Will's tribute to her inadvertently sums up what drove me totally batty about her commentary. It was all about perceptions and scoring points and never about actual policy.
posted by octothorpe at 3:42 PM on September 17, 2019 [10 favorites]


It's been a long time since I tuned in to anything where I would see or hear her, because it's been a long time since I concluded she was part of the problem, not part of the solution.
posted by Aardvark Cheeselog at 5:02 PM on September 17, 2019 [6 favorites]


So, I'm guessing The Blood Caked Hands of Cokie Roberts is now available for a sockpuppet account.
posted by y2karl at 5:11 PM on September 17, 2019 [2 favorites]


So, I'm guessing The Blood Caked Hands of Cokie Roberts is now available for a sockpuppet account.

You have my blessing.
posted by ryanshepard at 5:52 PM on September 17, 2019 [2 favorites]


Of course Cokie would think fondly on Myrtle Beach. When Obama was born and Cokie was a teenager, African Americans were not even allowed to walk on Myrtle Beach, let alone swim there. I'm sure she and her family thoroughly enjoyed their whites-only beach.

Speaking of Barack Obama, he does not share your disdain for Cokie Roberts.
posted by JeffL at 6:19 PM on September 17, 2019


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posted by allandsome at 6:28 PM on September 17, 2019


Speaking of Barack Obama, he does not share your disdain for Cokie Roberts.

washington establishment figures mourns passing of washington establish figure—big, if true!
posted by entropicamericana at 6:58 PM on September 17, 2019 [4 favorites]


I'm expecting that this will be removed (because my comments are frequently removed, somehow) but she was a terrible journalist who never, ever had an original thought, the epitome of smug, inside-the-beltway "coverage." I take no particular satisfaction in knowing she's dead, but the slavering over her work by people in the industry, while par for the course, as the press loves talking about itself and its members, really tells me that the press has learned nothing from the last few years.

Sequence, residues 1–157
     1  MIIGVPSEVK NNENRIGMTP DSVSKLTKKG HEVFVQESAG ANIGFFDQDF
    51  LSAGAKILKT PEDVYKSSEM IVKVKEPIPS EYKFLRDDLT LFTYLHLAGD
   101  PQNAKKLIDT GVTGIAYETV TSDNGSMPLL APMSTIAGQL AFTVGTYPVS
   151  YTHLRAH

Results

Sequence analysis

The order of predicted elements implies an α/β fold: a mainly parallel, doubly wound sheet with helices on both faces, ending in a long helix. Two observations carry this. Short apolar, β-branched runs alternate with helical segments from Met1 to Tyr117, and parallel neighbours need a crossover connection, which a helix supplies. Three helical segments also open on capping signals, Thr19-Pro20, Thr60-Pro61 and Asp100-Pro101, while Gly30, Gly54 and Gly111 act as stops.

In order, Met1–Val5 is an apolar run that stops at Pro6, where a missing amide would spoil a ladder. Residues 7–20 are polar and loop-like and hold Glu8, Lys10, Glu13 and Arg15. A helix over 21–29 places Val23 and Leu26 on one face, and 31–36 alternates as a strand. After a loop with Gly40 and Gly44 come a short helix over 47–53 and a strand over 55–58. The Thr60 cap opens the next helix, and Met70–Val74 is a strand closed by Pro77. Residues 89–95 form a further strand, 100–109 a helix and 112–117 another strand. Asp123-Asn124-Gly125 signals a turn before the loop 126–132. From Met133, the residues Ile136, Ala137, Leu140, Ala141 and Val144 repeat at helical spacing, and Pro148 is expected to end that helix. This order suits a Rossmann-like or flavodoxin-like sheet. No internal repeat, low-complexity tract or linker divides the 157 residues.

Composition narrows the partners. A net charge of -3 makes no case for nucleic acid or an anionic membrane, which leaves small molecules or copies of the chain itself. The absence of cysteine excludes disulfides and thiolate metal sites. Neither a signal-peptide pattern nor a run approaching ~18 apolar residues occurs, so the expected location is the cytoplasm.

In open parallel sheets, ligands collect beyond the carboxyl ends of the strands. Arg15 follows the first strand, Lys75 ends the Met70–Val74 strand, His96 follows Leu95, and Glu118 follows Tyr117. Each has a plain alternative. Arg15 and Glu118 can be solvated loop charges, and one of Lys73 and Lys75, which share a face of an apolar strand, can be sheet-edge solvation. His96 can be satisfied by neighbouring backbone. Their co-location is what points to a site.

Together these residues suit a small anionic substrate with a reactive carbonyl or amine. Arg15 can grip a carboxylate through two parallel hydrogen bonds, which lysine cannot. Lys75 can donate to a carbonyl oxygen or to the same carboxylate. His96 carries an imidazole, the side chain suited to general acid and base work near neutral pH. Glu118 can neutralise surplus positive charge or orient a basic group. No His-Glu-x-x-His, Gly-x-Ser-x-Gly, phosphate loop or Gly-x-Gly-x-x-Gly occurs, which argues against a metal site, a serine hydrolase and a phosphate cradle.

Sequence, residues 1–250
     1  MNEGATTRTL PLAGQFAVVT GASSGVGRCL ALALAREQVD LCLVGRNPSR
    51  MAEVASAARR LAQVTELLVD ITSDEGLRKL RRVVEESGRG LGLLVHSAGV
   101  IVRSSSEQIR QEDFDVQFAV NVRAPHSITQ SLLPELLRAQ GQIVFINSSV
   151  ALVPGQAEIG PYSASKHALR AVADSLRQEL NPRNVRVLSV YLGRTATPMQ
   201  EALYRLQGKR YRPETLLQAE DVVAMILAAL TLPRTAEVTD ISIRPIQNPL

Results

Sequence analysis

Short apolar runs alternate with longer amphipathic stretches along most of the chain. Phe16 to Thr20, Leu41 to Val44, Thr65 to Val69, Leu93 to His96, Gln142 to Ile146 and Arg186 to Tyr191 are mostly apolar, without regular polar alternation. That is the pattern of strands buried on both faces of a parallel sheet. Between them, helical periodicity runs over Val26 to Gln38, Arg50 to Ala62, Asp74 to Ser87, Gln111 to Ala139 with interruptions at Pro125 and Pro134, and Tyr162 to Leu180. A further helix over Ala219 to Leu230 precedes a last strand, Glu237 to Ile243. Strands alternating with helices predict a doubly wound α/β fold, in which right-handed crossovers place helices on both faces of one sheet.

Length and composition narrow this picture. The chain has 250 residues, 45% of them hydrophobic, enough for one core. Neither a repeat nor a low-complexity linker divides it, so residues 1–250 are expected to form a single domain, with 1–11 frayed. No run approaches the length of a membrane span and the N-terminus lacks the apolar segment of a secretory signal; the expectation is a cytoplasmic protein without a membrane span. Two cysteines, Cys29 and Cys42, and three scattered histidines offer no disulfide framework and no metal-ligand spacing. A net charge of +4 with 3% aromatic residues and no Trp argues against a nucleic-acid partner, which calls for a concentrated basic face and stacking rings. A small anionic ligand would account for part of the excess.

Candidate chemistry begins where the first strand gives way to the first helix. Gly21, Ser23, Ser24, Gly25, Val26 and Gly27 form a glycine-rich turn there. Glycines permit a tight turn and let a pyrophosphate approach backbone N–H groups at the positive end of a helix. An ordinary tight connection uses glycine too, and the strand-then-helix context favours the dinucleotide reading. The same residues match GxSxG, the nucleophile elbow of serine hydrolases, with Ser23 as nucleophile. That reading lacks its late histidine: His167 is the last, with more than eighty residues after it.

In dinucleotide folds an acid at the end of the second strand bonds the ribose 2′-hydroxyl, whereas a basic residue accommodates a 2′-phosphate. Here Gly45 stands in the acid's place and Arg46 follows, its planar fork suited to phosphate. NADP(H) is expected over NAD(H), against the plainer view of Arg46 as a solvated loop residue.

posted by ivanthenotsoterrible at 7:41 PM on September 17, 2019 [3 favorites]


Thanks for many a "This Week" in its various incarnations; and always seeming to bring a pleasant tone to any issue she spoke on.

Her voice will me missed.
posted by buzzman at 8:12 PM on September 17, 2019


Cokie Roberts wrote remarkably bad history books and was a mediocre journalist who provided little of value except a pleasant demeanour, and she made her money on appearing pleasant. She earns her little dot on the basis of being a prominent female journalist when there weren't a lot of them, which mattered to a lot of people who have gone on to produce much better work than she did.
posted by mightygodking at 10:14 PM on September 17, 2019 [2 favorites]


Cokie Roberts wrote remarkably bad history books and was a mediocre journalist who provided little of value except a pleasant demeanour, and she made her money on appearing pleasant. She earns her little dot on the basis of being a prominent female journalist when there weren't a lot of them, which mattered to a lot of people who have gone on to produce much better work than she did.

Eh... it's a little tricky. When she started, it was hard (if not impossible) for women to be mediocre and still be successful, so Occam's razor suggests that she wasn't mediocre as a journalist.

The late-career Cokie that we knew wasn't really a journalist though, so much as a pundit. "Mediocre" and "pundit" tend to go well together, so I regard that more as a function of her late-career role, rather than her actual journalistic ability when she was being a journalist.
posted by parliboy at 7:21 AM on September 18, 2019


provided little of value except a pleasant demeanour

being a prominent female journalist when there weren't a lot of them
posted by sallybrown at 8:14 AM on September 18, 2019 [4 favorites]


Well, it was an eponysterical remark.
posted by y2karl at 12:58 PM on September 18, 2019 [1 favorite]


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posted by dogstoevski at 4:36 PM on September 18, 2019


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posted by filtergik at 2:06 PM on September 19, 2019


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(I'm floored to find so much Cokie hate in her Metafilter obit page.)
posted by she's not there at 2:03 AM on September 22, 2019